Heat Wave

I’d like to know who is propagating the myth that Canada is a cold country, because for the last week or two, southern Ontario has been hit with a heat wave. Temperatures are in the 30sC and feeling like 40sC (which, thanks to a handy conversion online, I can tell you is high 80s/90s in Fahrenheit). It’s hot. It’s especially hot for someone who doesn’t have air conditioning, and while I was able to fare quite well in the first few days, I very quickly lost the battle in trying to keep my house at a normal, comfortable living temperature.  New fans have been purchased, I relish my time at work with AC, and I’ve gone to a movie or two to escape the heat.  It was also quite lucky that we got a reprieve over the weekend and it cooled off somewhat, but summer has most certainly arrived, and she’s come with a vengeance!

This heat has also affected my knitting behaviours. My Doodler shawl, made with wool blend yarns, had to be put aside because working the the fibres was like a strange form of cruelty to myself.  Instead, I’m gravitating towards cottons. My Boxy sweater has come along with me to a few movies.  It’s knit in the round over what feels like a bazillion stitches, and right now I’m working towards almost a foot and a half in plain stockinette. It’s a perfect movie project, being worked in Berroco’s Weekend.  Also getting some attention as of late is my Sanibel Cowl, worked in Cascade’s Ultra Pima Paints.  I’m so in love with these colours, which is why I bought the skein to begin with.  I also adore how soft Ultra Pima feels, with excellent drape.  I’m looking forward to finishing this project, although I have a feeling wearing it won’t be possible until the first few autumnal days.


So, to that person who goes around asking Canadians if they live in igloos and take their dog sled to work, please, come visit the Greater Toronto Area. Not an igloo in sight, although one would be a welcome relief from the heat.

Happy knitting!

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Works in Progress Wednesday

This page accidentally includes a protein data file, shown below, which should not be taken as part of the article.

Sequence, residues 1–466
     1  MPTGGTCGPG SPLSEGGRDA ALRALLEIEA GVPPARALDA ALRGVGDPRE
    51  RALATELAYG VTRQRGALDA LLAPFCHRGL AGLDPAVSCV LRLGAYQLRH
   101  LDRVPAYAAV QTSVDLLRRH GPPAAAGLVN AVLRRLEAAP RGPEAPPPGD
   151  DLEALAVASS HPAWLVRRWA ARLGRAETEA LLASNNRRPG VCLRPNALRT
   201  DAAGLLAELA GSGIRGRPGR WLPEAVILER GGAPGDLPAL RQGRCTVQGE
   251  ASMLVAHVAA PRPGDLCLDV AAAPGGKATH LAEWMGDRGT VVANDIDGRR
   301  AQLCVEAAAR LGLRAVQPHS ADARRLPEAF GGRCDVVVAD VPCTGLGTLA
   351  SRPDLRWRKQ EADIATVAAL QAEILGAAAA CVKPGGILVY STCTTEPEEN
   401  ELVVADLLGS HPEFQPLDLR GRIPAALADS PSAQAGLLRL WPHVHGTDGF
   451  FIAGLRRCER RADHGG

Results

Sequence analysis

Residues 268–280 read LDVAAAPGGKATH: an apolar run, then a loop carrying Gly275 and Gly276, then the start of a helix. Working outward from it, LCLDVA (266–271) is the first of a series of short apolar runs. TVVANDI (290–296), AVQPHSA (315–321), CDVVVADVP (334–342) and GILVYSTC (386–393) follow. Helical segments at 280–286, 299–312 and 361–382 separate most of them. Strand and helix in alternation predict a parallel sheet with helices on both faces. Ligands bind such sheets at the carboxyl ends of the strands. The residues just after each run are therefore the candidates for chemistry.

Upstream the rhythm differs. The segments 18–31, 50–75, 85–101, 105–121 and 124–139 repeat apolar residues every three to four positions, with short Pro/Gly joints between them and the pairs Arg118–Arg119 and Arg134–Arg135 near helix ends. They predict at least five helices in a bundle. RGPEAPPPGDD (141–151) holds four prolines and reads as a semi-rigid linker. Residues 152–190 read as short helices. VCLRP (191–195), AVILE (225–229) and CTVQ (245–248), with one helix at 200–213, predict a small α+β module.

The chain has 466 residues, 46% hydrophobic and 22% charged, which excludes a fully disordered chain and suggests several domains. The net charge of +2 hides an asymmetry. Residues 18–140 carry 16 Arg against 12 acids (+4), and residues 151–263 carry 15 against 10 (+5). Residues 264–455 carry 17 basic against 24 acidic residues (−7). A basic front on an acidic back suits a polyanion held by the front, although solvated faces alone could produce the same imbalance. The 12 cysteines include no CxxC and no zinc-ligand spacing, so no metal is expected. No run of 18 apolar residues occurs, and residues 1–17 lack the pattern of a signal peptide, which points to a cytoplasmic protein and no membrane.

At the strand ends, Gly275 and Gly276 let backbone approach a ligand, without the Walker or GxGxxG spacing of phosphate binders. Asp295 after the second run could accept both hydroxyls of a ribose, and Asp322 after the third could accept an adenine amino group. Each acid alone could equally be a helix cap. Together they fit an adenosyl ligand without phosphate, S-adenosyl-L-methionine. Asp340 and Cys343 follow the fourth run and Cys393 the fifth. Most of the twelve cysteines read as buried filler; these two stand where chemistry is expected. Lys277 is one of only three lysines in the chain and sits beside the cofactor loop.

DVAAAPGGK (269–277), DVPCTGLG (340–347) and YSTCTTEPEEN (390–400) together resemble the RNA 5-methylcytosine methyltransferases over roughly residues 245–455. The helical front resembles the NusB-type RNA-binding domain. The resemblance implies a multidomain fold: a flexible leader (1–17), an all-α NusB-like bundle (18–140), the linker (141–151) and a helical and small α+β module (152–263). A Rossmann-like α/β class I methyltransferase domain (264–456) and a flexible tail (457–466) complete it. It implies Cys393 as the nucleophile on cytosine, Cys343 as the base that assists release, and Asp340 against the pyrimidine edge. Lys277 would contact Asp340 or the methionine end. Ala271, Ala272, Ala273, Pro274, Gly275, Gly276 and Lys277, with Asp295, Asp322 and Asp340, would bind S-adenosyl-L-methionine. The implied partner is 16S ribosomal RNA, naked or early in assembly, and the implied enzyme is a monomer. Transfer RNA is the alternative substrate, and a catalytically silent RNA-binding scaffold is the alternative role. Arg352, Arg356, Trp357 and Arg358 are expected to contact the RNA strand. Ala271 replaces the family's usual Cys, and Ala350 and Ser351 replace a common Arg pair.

I’m in a weird knitting stage where I want to be knitting, but I have no inspiration.  That hasn’t slowed me down though.

I’m working away at a pair of socks, yarn from the 2018 Knitter’s Frolic.  The speckles are making me super happy, and I love how the colours look together.  The yarn was from Bling Your String, 70g total in their Beach Glass colour.  Socks for my feet never take the full 100g that typically comes in a skein, but I was worried about running out with only 70 grams to work with (20g for the heel/toe and 50g of main colour).  My worry led to my weighing the yarn after completing each section to ensure I’d have enough for sock 2.  I did, and sock 2 is well on its way to completion.

I’m also making a lot of progress with my Doodler, and again, I’m going to gush about the colours working out well together. I just love the multi-coloured speckles anchored by the dark green.  I’m excited to get to the point where the third variegated colour is introduced.

I also started a blissfully simple project – Worsted Boxy by Joji Locatelli.  I bought a lot of cotton/acrylic yarn from Soper Creek (Berocco Weekend – it was a warm morning and I was completely put off by the idea of wool, hence the cotton), and I cast on later that afternoon.  Rounds and rounds of stockinette; I turn my brain off and just knit.

Happy knitting everyone!

On knitting up those pesky left overs

It’s inevitable. You find a pattern, buy the yarn, knit the pattern, and unless you end up playing an epic game of yarn chicken, you’re going to end up with left overs, those few grams of yarn that really, what CAN you do with it? A few weeks ago, these odds and sods were my focus and using them up in creative manners my mission.

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Well, first, I took over 100 grams from 5 different sock yarns and turned them into a lovely asymmetrical shawl.  I used the Ex-Boyfriends pattern and now have a shawl in browns, greens and a pop of purple. I felt highly satisfied when it was finished because those were 5 small cakes out of my stash.

Like many knitters, I also have quite a bit of acrylic kicking around. You know the yarn, the stuff you bought before you discovered your Local Yarn Shops and the wonderful and unique skeins they carry. Don’t get me wrong, acrylic has a time and place, but those small remnants were just taking up space and annoying me just enough to find a solution.  Enter my ‘Ugly Slippers.’ I took my favourite slipper pattern, divided up what was left of an orange and yellow into two, and finished off with the red, which I had significantly more of. The colours are out of order for me to call them ‘Jayne Cobb slippers’, but they are rather cunning, dontcha think?